The nature of hypertensionBMJ 2012; 345 doi: https://doi.org/10.1136/bmj.e5750 (Published 24 August 2012) Cite this as: BMJ 2012;345:e5750
- Theodore Dalrymple, writer and retired doctor
In the first edition of his great poem The Vanity of Human Wishes Doctor Johnson warns us that the scholar’s life is not an easy one: “There mark what ills the Scholar’s life assail, / Toil, Envy, Want, the Garret, and the Jail.” Of these hazards, perhaps only the first two remain; and certainly scholars in medicine starve in no garrets. But the controversies on which they expend their energy can be prolonged and vigorous, sometimes—or always, according to Schopenhauer—truth seeming a lesser imperative than victory.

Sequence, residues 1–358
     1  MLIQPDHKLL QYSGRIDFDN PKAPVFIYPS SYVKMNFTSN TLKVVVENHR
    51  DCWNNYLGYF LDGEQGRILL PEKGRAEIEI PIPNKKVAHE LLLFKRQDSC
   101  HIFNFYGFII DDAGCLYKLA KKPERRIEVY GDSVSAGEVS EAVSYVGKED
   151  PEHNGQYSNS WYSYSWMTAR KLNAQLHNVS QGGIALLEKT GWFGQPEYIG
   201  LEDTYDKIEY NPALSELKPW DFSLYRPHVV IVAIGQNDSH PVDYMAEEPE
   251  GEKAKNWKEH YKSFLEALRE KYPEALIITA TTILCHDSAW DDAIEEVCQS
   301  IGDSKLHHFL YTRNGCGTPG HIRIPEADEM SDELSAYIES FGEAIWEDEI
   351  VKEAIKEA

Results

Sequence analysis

Among the most famous controversies in 20th century medicine was the momentous one between Sir George Pickering (1904-80) and Sir Robert Platt (1900-78) over the nature of hypertension: whether high blood pressure was merely …